This last part of Sandy’s course is not easy – for him or for those who love him.  However I cannot help but think of all the wonderful years that we spent along the way to here.  This photo that Sarah took near our home in New Hampshire strikes me as metaphorical of Sandy’s life:  the tracks symbolizing his straight, true, strong character, and the ever-changing scenery representing the many phases of his career – as student, musician, sound engineer, pastor, real estate agent, music teacher, Apple employee (and of course husband and father).  The scenery (or phase) may evolve and change, but the character, the integrity, stays the same throughout. I not only have loved this man for 30+ years, but have admired and respected him. Smart, multi-talented, kind, generous – he has made me feel very secure and very loved and brought me much joy in our journey together.



“Piglet sidled up to Pooh from behind.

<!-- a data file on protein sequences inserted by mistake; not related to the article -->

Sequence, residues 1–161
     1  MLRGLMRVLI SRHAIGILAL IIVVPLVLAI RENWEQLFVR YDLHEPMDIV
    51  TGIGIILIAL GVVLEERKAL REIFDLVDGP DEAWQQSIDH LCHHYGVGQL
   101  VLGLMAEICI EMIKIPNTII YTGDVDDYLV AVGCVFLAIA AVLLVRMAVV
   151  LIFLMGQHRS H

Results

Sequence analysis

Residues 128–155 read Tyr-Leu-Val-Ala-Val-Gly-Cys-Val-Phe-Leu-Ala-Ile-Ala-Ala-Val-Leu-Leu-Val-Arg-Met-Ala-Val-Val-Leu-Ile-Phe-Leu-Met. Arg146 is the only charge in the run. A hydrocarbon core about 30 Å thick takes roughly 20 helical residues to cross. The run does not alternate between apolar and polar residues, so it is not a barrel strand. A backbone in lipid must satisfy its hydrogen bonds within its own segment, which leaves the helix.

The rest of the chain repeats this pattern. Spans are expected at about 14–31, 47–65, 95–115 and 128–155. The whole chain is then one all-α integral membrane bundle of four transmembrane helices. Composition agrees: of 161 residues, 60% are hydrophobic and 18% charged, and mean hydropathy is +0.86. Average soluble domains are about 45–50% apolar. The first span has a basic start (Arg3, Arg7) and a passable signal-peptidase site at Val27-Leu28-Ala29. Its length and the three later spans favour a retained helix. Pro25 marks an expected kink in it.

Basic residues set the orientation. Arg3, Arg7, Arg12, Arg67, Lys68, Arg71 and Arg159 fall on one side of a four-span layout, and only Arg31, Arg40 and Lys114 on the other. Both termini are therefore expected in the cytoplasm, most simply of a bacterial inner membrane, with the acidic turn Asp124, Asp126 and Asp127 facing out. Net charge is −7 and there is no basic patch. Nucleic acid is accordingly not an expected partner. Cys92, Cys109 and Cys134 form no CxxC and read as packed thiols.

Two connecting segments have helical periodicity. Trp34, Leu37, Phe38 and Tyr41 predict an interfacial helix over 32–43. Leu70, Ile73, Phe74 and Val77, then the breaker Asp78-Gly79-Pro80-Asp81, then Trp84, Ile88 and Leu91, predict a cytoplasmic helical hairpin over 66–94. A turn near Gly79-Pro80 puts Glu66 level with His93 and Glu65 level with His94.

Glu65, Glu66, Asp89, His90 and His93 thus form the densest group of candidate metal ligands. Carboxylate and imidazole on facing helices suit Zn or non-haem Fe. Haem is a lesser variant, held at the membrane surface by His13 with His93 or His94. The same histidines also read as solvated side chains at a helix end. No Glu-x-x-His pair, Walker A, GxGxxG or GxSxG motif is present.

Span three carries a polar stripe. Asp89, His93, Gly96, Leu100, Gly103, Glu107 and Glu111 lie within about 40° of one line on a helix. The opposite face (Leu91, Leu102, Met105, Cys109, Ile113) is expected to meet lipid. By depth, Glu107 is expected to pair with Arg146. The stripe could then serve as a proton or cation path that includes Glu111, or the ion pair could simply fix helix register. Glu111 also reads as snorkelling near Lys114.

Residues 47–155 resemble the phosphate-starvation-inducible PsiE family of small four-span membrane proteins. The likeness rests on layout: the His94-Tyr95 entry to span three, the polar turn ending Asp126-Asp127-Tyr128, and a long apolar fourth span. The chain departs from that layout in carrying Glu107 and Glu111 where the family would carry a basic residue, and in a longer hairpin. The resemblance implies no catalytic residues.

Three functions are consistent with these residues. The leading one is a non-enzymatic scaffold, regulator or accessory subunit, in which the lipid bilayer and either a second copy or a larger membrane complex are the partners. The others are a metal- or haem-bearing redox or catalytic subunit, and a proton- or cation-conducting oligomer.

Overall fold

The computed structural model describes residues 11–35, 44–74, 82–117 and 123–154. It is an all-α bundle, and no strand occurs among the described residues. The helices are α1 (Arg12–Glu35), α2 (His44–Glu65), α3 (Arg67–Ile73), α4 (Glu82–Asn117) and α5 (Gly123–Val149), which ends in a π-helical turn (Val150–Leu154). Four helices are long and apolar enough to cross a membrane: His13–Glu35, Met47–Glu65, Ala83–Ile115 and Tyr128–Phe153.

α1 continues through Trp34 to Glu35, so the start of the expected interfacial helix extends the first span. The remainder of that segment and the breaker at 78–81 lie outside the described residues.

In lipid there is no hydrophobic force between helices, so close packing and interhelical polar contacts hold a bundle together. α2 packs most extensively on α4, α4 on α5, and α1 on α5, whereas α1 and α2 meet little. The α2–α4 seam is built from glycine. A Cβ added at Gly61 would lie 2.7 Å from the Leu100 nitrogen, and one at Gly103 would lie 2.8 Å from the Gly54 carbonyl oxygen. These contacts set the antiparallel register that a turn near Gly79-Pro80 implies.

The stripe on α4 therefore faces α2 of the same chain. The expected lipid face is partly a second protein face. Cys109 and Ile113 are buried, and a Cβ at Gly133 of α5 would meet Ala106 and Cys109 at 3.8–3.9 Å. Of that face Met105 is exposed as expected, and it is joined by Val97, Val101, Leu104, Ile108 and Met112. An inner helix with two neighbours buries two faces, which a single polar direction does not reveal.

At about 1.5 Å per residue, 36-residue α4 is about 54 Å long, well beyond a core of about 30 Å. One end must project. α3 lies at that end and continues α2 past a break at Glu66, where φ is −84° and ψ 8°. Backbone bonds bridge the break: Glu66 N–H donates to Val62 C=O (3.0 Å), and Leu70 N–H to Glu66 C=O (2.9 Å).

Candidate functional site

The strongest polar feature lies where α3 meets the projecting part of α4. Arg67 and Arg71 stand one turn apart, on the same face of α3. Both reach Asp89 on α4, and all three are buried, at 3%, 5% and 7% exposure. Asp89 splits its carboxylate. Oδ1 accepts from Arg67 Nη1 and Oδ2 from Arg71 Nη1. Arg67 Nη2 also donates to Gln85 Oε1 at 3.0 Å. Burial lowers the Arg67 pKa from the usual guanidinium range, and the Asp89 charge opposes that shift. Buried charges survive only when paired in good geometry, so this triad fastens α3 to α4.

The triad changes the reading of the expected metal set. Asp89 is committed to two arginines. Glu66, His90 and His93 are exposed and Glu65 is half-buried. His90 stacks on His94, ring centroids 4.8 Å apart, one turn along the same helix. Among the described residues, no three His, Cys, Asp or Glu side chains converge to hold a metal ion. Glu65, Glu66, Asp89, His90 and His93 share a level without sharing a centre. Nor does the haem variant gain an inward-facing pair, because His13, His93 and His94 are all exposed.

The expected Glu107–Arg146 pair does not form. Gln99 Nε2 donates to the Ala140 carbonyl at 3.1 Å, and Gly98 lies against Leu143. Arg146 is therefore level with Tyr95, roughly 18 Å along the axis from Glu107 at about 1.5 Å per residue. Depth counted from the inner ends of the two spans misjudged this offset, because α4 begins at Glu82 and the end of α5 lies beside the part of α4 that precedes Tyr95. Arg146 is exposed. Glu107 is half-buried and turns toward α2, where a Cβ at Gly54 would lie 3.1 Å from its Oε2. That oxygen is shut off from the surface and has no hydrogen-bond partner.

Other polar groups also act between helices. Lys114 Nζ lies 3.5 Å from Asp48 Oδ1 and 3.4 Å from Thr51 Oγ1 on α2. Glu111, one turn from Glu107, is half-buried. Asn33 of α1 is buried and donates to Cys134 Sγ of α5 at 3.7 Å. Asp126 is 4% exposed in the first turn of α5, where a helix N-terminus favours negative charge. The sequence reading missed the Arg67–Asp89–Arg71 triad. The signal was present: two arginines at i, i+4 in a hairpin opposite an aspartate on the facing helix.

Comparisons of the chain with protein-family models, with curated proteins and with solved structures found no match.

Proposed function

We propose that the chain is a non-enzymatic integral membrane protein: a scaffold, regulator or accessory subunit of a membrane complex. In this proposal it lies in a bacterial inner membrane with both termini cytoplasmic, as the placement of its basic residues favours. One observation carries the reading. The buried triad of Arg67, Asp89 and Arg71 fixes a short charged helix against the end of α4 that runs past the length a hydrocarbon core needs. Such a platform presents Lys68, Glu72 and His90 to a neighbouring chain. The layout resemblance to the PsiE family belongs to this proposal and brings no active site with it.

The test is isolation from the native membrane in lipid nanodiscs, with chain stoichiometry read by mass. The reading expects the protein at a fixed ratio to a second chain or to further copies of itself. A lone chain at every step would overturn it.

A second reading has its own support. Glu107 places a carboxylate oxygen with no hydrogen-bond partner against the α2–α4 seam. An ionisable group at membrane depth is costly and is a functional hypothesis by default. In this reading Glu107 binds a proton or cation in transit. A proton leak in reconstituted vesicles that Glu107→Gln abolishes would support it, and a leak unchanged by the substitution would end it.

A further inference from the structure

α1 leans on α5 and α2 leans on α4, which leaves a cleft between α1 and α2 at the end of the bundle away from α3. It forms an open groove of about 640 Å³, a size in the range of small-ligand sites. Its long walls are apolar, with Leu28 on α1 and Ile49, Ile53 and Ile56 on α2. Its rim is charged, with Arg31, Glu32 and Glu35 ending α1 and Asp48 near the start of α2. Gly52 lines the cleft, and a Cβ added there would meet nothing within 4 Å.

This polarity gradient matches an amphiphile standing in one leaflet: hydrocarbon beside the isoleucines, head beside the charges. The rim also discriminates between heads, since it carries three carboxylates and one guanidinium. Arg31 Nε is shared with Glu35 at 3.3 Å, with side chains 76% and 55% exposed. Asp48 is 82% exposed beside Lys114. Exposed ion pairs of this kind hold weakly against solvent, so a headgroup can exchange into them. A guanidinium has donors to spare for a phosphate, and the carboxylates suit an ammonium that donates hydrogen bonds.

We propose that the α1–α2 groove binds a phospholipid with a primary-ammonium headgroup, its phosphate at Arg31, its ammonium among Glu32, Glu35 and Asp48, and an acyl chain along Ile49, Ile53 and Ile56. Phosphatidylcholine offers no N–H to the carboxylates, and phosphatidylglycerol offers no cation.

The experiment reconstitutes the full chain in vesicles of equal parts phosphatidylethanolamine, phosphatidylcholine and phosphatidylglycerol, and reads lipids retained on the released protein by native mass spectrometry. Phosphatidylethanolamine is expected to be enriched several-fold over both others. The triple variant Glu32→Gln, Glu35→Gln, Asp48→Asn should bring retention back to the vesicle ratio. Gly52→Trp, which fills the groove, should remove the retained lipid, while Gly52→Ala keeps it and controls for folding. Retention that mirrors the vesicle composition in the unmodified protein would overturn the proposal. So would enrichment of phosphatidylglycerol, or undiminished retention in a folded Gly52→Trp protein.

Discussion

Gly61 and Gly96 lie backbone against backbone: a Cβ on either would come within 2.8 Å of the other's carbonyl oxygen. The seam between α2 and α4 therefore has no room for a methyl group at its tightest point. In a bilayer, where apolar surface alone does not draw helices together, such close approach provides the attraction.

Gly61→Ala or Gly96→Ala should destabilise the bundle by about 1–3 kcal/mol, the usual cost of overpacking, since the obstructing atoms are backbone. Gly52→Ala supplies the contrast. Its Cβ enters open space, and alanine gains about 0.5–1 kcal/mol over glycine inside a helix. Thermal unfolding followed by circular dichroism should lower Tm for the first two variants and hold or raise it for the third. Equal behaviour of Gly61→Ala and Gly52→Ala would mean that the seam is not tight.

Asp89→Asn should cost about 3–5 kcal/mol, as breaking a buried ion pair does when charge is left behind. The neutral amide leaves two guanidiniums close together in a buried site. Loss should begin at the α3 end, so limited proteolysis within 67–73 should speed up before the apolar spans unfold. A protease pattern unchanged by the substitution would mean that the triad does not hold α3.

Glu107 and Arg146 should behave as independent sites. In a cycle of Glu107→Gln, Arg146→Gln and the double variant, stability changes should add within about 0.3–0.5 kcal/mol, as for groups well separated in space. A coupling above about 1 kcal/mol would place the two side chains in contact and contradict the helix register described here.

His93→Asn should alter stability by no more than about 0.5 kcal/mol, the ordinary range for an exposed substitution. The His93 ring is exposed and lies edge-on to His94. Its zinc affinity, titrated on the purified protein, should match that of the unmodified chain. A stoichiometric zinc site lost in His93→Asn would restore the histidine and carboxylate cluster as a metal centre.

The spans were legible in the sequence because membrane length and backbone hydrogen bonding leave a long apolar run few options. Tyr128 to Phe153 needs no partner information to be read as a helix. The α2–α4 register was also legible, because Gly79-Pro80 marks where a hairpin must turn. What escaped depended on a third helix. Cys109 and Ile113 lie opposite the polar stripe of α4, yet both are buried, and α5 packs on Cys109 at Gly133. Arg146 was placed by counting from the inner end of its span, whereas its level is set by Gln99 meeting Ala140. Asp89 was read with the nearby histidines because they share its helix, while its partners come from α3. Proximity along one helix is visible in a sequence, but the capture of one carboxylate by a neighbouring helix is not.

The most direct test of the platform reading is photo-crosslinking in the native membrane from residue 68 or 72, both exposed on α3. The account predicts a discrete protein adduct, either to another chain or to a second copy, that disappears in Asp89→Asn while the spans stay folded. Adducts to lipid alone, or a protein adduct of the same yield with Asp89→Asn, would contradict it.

“Pooh!” he whispered.
“Yes, Piglet?”
“Nothing,” said Piglet, taking Pooh’s paw. “I just wanted to be sure of you.”
― A.A. Milne, The House at Pooh Corner

That’s sort of me with Sandy, Sandy with me, and both of us with God.  We’ve asked a lot of complicated questions in the past year.  But really most everything boils down to just being, and being assured that what and who you love is right there with you.

The disease progresses, and we adapt daily to the changes, and face the challenges of staying comfortable. Doing so is made easier with the caring and attentive hospice personnel, along with the love of family and friends. And, the presence of a new member of the household:  Tyson!  He is our very own (practically, if not officially) therapy dog, who travelled all the way from Colorado with Sarah. Banjo doesn’t quite know what to make of him, but he should warm up eventually.  Both of these furry critters are wonderful, sympathetic companions for Sandy throughout the day and night.